It’s also worth slowing down to analyze whether OA journals even are “open” to all. I would love for my work to be more accessible to anyone. But building an open access structure and imagining that this is enough, that the readers will come, is naïve. Kevin Costner was wrong. Take Antenna as an example: we’re free, we’re available to all, and we’re even written more accessibly than most journal articles, but most of the readership still comes from academia. We’d need to put a lot more work into making this truly bridge an academic-lay divide. (But we’re all busy, and that’s why we don’t, alas). So too with many OA journals – when I hear the excited rhetoric about making everything accessible, I worry that too many people are patting themselves on the back for building baseball diamonds in Iowa, but when many publishers are profiting immensely from selling us the sod to build these diamonds, we should be sure they’re for more than just ghosts.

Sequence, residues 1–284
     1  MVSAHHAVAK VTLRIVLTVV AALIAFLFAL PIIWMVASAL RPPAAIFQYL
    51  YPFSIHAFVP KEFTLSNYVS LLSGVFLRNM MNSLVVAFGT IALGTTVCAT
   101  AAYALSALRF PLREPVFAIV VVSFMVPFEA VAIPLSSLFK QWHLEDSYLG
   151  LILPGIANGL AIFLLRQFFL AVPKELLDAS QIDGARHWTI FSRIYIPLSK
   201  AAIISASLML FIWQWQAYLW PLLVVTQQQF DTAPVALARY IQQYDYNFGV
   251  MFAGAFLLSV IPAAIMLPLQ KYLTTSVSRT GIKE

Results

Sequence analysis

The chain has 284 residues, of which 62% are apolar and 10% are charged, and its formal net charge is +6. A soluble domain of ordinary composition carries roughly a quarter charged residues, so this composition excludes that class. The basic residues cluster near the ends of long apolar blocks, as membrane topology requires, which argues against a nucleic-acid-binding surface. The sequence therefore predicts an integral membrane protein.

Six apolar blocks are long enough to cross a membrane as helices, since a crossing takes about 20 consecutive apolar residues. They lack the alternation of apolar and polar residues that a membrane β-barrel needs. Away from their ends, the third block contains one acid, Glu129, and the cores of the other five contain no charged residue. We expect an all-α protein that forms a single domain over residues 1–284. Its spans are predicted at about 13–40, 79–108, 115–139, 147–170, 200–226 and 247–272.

Finally, if somewhat an aside, it’s worth nothing that in media studies, much of our work is already accessible. Much of the best work in our field is in books. There are some wonderful edited collections out there, filled with material that is every bit as rigorous, every bit as cutting-edge, as that which you find in journals. So in our field, as part of the OA movement, I’d like to see a concerted push to respect edited collections and chapters in them, and then see those books as the vanguard of open access. Make sure Personnel and Tenure committees hear this. Make sure hiring committees hear it.

To reiterate, I’m not opposed to OA, but if emails like the one above are a sign of the open access waters ahead, clearly we need continual scanning of these waters before swimming in them.


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8 Responses to “ Phishing in Open Access Waters ”

  1. Kristina Busse on January 31, 2013 at 9:20 AM

    Jonathan, interesting post that addresses some of the pitfalls of OA, though I’m not sure that we won’t be able to sort out the good from the bad. (As coeditor of a Gold Open Access peer-reviewed journal, keeping our standards high is pretty much our number 1 priority other than getting things out on time 🙂